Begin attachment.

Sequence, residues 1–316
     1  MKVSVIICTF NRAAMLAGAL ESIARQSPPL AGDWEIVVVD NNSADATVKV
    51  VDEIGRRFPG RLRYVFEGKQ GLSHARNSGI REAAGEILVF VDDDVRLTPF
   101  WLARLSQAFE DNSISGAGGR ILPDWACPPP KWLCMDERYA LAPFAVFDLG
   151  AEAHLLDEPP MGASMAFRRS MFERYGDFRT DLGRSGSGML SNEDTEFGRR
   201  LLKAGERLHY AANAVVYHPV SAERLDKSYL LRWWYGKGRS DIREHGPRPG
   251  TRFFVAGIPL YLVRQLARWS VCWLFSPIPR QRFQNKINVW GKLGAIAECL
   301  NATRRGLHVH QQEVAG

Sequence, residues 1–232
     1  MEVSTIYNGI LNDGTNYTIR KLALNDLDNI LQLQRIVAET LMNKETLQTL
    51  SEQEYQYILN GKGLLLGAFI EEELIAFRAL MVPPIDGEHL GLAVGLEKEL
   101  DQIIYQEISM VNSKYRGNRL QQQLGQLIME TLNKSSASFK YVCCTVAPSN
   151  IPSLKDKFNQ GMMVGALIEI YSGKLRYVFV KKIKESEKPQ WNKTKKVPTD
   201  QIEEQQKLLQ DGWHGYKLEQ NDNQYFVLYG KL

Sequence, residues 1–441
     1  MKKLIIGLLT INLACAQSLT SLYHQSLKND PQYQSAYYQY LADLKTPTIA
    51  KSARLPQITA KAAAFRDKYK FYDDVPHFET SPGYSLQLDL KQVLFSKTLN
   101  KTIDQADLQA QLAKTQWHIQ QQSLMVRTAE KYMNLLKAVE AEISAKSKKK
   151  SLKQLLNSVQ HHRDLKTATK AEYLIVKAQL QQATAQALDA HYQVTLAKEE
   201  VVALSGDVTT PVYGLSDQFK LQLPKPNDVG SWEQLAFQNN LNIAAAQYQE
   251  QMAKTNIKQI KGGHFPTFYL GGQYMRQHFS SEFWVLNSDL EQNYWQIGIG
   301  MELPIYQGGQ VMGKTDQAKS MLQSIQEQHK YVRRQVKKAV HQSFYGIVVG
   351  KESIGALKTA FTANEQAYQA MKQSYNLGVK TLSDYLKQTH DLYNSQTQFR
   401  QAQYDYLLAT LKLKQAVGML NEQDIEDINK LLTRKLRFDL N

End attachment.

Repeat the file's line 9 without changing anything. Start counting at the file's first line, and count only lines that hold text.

Sequence, residues 1–232